A few weeks ago, Parul, our superhero CEO, sent over this research article about something called the testing effect. She explained that the implications of the testing effect is one of the reasons Gradeable exists. In essence, the testing effect is the scientific explanation of how the more you test, the better your students will be. Like in anything else, the more you practice, the better you will be.
In 2005, people at Purdue found testing helped students retain more than simply studying the material. In the study, they had two groups of students read a passage and eventually get tested on it. One group got quizzed 3 times after they read while the other group was asked to look over the material for each time the first group got quizzed. When it came time to test 5 minutes, 2 days, and 1 week later, the quizzed group retained more than the group that repeatedly studied the material.
Even though the studying made kids feel better about remembering the material initially, testing actually helped kids retain more information. So testing is a powerful learning tool, not just something that assesses it.
“ If students know they will be tested regularly (say, once a week, or even every class period), they will study more and will space their studying throughout the semester rather than concentrating it just before exams.”
That’s an obvious point. But what’s interesting was that kids actually retained more of the material in the future if they are tested and successfully recognize or recall it, than if they had not been tested at all. This is called the testing effect, and it’s not exactly well known outside the field of cognitive psychology.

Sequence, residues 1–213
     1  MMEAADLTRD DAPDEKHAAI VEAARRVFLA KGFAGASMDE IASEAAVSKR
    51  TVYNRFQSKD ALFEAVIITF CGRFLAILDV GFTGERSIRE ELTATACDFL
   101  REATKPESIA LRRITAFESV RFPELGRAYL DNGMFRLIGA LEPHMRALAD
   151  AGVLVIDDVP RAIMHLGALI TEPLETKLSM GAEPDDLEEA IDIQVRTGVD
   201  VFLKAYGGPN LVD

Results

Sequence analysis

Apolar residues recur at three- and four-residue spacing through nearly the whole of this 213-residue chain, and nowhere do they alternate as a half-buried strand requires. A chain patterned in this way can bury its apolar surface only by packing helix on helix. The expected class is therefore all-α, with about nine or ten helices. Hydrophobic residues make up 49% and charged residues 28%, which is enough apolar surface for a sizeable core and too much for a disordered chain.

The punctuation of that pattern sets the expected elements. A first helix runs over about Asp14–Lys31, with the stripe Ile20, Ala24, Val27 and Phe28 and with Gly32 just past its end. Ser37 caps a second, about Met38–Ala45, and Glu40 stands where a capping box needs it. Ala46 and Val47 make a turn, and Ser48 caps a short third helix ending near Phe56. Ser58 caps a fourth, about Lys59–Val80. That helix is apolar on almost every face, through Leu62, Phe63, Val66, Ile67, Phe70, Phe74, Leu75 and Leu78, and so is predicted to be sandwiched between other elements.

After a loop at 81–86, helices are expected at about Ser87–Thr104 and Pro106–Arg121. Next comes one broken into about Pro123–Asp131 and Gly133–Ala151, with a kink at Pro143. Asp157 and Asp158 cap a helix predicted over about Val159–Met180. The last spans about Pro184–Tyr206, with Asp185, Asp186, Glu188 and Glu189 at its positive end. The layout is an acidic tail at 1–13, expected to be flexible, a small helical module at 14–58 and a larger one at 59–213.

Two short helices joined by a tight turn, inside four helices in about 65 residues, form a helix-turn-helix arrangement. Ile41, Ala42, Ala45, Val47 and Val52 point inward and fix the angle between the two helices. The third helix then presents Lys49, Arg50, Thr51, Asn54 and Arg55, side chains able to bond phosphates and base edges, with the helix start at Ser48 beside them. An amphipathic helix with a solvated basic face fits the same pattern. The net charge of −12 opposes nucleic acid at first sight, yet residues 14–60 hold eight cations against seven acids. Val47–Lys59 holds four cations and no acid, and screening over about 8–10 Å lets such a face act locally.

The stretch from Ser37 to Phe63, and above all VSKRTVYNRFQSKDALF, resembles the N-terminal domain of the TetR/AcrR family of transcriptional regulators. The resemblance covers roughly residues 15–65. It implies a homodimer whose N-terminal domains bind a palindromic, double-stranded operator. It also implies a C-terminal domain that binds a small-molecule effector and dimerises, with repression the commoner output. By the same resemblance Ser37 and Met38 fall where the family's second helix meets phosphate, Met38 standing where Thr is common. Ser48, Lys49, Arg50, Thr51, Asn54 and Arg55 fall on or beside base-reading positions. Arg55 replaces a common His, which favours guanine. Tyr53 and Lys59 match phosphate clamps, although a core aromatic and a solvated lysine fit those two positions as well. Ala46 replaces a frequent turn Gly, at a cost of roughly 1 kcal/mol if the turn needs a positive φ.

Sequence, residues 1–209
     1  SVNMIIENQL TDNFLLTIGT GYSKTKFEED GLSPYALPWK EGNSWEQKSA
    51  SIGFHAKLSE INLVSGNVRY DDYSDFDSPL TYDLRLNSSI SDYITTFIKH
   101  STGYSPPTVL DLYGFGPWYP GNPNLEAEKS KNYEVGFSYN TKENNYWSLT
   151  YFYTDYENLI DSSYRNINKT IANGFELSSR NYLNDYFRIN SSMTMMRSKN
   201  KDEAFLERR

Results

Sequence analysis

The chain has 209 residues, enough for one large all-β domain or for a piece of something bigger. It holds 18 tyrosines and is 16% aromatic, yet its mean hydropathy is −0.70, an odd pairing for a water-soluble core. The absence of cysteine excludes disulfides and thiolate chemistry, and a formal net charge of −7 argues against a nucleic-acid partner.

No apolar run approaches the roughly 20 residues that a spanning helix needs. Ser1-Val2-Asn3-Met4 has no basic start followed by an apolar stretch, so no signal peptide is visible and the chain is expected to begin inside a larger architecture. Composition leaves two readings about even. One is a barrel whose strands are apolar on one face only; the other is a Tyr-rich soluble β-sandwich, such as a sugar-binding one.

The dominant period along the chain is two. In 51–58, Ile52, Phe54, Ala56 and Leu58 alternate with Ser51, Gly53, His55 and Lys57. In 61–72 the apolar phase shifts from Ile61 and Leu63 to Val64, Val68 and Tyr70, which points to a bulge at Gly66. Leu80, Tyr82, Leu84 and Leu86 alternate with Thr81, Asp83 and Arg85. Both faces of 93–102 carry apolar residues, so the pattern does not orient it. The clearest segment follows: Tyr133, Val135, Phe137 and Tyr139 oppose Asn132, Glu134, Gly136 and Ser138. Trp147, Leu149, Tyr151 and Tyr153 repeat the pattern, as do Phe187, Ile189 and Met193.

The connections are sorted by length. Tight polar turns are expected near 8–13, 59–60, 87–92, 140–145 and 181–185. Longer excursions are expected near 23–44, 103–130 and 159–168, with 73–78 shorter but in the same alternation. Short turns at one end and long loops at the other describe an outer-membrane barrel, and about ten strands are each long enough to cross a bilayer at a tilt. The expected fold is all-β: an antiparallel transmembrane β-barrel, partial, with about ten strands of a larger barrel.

You could argue that the students who took more tests were getting more exposure to the test materials, but the students who studied more were exposed to 100% of the material. To me, this is scientific proof that you learn more by doing than by observing.
When Parul and I sat down yesterday to talk about Gradeable’s mission statement, she explained how integral feedback was for learning. I see this every day: My blog gets better when I hear what others think, what they’d like to read about, what didn’t work, and what they liked. It creates a structure in my mind of how to do my job better.
It’s the same way in school, especially at a young age. The more you hear from the teacher, the more you learn. Gradeable comes in because good feedback for every student can get overwhelming, tedious, and daunting to say the least. And while testing is key, we at Gradeable don’t advocate for more testing, but better testing. Our tool is built to help generate efficient and meaningful feedback for students so teachers can get back to doing what they do best: shaping young minds.
Find out how Gradeable can be your well-oiled feedback machine at www.gradeable.com.